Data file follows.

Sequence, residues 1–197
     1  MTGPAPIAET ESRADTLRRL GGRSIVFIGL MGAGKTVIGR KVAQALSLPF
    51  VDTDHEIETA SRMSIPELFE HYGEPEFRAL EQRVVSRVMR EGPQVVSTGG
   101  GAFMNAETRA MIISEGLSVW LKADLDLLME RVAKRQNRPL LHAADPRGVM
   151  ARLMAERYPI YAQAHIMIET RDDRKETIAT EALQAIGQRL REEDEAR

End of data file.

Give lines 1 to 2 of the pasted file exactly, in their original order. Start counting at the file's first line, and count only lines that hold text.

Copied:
Sequence, residues 1–197
     1  MTGPAPIAET ESRADTLRRL GGRSIVFIGL MGAGKTVIGR KVAQALSLPF